Saturday, September 20, 2014
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At U Penn, 3-D printing helps improve quality of animal care

The notion that 3-D printing is just another parlor trick in technology's bag of distractions is quickly dying, and the University of Pennsylvania's School of Veterinary Medicine is helping to hasten the pace. Say hello to 3-D printing's next biggest application: animal surgery.

At U Penn, 3-D printing helps improve quality of animal care

A 3-D printed model of dog Millie´s skull, prepped and ready to examine. Photo from University of Pennsylvania Communications.
A 3-D printed model of dog Millie's skull, prepped and ready to examine. Photo from University of Pennsylvania Communications.

The notion that 3-D printing is just another parlor trick in technology’s bag of distractions is quickly dying, and the University of Pennsylvania’s School of Veterinary Medicine is helping to hasten the pace. Say hello to 3-D printing’s next biggest application: animal surgery. 

Ordinarily, the 3-D printers in PennDesign’s Fabrication Lab are used to print out geometric models, architectural forms and other doodads. But for the School of Veterinary Medicine’s purpose, those 3-D printers are more or less skull machines.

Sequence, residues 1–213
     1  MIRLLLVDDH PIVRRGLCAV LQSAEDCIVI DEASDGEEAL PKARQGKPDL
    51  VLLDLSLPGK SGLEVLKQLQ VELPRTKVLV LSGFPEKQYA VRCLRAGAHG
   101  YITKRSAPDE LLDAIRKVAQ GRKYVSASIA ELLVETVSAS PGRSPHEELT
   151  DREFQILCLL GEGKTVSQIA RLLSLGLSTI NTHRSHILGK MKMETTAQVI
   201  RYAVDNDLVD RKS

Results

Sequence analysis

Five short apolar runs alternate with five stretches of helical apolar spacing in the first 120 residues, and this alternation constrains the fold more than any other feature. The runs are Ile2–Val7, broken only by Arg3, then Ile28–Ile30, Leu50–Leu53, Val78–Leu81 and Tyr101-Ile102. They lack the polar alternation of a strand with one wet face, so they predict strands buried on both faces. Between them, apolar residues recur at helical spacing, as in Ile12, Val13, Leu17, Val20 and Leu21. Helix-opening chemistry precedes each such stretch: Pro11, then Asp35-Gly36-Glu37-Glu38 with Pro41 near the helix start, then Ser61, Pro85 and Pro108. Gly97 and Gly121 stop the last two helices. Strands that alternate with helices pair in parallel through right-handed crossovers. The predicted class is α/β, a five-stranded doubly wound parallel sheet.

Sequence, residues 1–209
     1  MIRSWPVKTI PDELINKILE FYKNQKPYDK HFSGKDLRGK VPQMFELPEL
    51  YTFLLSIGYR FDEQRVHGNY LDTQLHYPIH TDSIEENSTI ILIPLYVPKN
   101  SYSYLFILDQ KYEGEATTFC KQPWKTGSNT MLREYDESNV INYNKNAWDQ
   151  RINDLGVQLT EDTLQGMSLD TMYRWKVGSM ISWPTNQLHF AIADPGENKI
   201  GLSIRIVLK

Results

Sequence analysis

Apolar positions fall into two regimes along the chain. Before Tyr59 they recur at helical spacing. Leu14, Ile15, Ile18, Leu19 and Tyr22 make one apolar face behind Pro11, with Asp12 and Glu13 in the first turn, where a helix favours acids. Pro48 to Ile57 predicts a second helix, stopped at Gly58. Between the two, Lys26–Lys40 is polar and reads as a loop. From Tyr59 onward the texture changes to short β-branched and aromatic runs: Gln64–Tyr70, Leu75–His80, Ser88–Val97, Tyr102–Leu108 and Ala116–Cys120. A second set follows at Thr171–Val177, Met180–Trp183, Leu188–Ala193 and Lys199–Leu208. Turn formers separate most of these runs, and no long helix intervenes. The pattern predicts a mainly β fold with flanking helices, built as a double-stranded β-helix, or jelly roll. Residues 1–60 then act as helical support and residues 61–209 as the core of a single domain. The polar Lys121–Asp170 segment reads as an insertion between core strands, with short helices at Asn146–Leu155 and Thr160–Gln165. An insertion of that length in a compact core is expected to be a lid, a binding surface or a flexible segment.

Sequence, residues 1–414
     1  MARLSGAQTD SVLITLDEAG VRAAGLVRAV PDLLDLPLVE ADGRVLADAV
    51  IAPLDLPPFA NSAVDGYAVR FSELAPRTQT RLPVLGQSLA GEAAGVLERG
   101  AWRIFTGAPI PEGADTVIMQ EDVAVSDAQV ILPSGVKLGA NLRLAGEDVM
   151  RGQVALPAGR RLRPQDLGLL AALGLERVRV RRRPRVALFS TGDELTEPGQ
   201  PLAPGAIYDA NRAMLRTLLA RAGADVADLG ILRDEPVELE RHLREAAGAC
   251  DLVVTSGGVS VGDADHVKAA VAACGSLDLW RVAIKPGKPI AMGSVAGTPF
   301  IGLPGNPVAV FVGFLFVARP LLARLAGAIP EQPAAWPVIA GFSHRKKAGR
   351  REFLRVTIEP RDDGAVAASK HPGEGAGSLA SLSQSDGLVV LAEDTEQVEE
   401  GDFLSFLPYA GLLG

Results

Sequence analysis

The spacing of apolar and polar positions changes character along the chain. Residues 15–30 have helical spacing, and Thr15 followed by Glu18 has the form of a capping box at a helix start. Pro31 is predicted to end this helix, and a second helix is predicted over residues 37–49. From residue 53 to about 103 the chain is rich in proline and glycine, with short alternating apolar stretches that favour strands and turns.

Consider, for example, the case of patient Millie, a canine with a skull deformity that was limiting her quality of life. Penn lecturer and neurosurgeon Evelyn Galban took on the case, ultimately coming to the conclusion that she would need to actually handle to dog’s skull to get anywhere with diagnosis and treatment. 

“It’s difficult to fully understand the malformation until we have it in our hands,” she said via a release. “That usually doesn’t happen until we’re in surgery.”

However, being that we live in a world where both 3-D printers and CAT scan machines exist, that no longer has to be the case. Galban worked with PennDesign’s Stephen Smeltzer and Dennis Pierattini to produce models based on CAT scan files of Millie’s head that lead to a 3-D printed model of the pup’s skull.

The result is a rigid gypsum powder and acrylic head bound by a type of epoxy that very closely approximates Millie’s. From there, Galban will be able to examine various treatment options and surgical procedures with a clearer picture of what it is her team will be dealing with. 

A good technology, to be sure, but with additions like full-color printing and the like, even more accurate models that show tissues like blood vessels and arteries could develop. But have no fear: Pierattini says he plans to delve even further into 3-D printing to help our four-legged friends.

“We are very interested in finding more ways that we can explore the potential of the equipment and fathom its depths,” he said.

In terms of application, those depths appear to be endless: training, treatment, education—the list goes on.  There just might not be enough gypsum powder in Philadelphia.

[UPenn]

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